Three years after its publication in Germany, Ernest Mandel’s Late Capitalism has now appeared in a revised and updated English edition. footnote1 Whatever one’s criticisms, it is a major contribution to the revival of Marxist economics now occurring in Britain and some other Western countries. Indeed it is, in my opinion, one of the two most important works of Marxist political economy to have appeared in English during the past decade, the other being Harry Braverman’s Labor and Monopoly Capital. Mandel, like Braverman, takes as his startingpoint capitalist production, rather than income distribution and demand, which for many years have dominated socialist and radical thought in Britain. Naturally, he considers demand and distribution; however, these are seen, not as independent entities, but as conditioned by and dependent on what happens in the sphere of production. This approach represents a return to the concerns of classical Marxism; at the same time, potentially, such an approach could herald a new era in the development of Marxism in Britain, where until recently it has existed under the shadow of left Keynesianism, lacking any genuine theoretical basis of its own. Late Capitalism is not an easy book to read; its subject matter is extremely complex, its approach is often eclectic and its arguments are at times confused or unnecessarily abstruse. Nonetheless, to anyone patient enough to master its contents, it contains a wealth of ideas and empirical material and is a work of truly creative Marxism. In the space of a single review it is impossible to do justice to a book whose coverage is so vast, so I shall consider only those aspects which I have found particularly interesting.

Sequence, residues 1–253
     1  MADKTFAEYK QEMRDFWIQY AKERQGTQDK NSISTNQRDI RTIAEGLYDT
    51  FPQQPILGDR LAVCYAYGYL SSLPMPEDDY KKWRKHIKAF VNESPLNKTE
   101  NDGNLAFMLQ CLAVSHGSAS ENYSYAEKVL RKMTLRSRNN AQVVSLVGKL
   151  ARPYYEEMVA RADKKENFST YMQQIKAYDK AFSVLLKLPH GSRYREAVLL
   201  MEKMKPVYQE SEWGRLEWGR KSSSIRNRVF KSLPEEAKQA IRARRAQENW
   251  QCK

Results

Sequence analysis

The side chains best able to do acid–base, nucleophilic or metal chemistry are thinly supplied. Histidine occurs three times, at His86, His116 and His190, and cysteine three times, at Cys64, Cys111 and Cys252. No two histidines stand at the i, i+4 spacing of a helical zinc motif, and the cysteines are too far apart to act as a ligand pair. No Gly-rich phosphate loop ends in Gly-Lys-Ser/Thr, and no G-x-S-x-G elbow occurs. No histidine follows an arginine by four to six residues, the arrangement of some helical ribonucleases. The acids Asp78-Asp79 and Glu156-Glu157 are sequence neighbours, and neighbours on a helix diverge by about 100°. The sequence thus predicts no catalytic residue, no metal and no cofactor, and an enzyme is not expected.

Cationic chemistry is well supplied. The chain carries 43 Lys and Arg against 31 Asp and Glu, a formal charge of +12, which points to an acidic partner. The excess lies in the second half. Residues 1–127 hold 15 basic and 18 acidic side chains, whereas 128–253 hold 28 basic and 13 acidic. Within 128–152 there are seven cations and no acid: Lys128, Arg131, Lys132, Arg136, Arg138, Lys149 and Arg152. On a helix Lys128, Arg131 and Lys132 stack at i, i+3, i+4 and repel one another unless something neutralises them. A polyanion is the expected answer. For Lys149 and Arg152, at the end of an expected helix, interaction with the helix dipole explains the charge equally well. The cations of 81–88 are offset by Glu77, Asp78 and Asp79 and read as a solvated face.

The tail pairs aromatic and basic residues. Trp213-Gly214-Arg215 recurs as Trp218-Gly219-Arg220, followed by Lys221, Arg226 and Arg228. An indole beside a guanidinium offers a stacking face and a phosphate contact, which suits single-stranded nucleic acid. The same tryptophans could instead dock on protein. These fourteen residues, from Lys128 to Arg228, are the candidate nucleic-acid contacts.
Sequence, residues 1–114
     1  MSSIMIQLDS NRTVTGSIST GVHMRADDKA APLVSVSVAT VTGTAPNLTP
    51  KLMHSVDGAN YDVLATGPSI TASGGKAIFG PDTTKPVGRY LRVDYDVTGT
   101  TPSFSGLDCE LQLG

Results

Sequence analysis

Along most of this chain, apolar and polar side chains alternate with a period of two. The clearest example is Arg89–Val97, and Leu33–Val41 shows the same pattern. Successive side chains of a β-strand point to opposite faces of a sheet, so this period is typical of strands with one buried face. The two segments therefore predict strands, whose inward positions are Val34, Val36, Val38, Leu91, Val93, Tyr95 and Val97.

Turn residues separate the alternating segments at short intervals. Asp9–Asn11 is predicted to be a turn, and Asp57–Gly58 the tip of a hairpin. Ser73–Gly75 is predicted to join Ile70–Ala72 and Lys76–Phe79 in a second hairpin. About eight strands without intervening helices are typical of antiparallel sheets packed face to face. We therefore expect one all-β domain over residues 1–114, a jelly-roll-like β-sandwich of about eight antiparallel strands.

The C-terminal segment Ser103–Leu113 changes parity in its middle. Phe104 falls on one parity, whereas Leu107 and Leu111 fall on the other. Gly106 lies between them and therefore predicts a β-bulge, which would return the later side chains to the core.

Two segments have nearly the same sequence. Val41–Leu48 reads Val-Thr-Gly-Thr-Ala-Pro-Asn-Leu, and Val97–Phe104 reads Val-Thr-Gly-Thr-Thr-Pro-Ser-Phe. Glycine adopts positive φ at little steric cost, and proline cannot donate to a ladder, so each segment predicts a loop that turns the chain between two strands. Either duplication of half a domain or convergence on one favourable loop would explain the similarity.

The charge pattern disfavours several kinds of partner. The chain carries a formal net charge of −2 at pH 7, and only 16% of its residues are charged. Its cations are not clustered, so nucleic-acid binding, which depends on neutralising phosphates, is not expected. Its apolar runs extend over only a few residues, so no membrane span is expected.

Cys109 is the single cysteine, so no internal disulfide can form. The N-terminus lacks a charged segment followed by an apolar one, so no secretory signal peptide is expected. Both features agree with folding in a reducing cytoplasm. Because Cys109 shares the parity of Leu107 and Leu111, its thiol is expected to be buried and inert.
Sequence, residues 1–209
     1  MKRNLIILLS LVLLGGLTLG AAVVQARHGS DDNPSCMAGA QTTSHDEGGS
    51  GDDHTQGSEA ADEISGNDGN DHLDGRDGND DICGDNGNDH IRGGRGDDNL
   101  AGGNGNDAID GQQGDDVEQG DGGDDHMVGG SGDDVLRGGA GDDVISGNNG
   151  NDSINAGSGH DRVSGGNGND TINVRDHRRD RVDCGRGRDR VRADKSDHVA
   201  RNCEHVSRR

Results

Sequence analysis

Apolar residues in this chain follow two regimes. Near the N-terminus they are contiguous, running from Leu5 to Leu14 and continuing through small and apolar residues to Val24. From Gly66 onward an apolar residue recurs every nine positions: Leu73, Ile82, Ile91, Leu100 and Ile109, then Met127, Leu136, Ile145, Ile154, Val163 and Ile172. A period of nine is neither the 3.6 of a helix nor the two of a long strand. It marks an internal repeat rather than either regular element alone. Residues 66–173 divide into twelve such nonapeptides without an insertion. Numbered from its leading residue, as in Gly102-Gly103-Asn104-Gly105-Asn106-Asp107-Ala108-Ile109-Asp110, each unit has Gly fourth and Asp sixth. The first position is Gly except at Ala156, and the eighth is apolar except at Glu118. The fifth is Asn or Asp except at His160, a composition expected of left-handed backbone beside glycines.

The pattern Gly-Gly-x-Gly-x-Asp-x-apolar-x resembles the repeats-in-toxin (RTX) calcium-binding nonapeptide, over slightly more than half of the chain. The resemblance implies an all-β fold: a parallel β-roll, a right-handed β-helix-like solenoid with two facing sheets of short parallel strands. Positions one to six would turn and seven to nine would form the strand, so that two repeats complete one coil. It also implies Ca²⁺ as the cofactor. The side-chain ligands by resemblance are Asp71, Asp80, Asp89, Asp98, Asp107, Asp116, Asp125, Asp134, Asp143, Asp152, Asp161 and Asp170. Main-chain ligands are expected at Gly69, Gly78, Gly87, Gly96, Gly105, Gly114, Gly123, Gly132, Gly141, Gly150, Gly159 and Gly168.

Mandel begins with a chapter on method entitled ‘The Laws of Motion and the History of Capital’ in which he makes a forceful plea for the reintegration of theory and history. He then asks ‘Why is it that the integration of theory and history which Marx applied with such mastery in the Grundrisse and Capital has never since been repeated successfully, to explain . . . successive stages of the capitalist mode of production? Why is there still no satisfactory history of capitalism as a function of the inner laws of capital . . . and still less a satisfactory explanation of the new stage in the history of capitalism which clearly began after the Second World War?’ His answer is as follows. In part he blames the social pressures of Stalinism, which discouraged a creative approach to political economy and replaced theory by apologetics. More fundamentally, however, he points to a problem in the realm of theory itself, arguing that twentieth-century Marxism has developed according to a certain inner logic which has seriously inhibited its ability to formulate adequate theories and explain concrete events. He identifies two specific aspects of this logic as primarily responsible: 1. the use of Marx’s reproduction schemas for purposes for which they were never intended; 2. the monocausal nature of twentieth-century Marxism, whose practitioners have tried to explain the whole of capitalist development in terms of a single key factor, such as the anarchy of production or the difficulty of realizing surplus-value.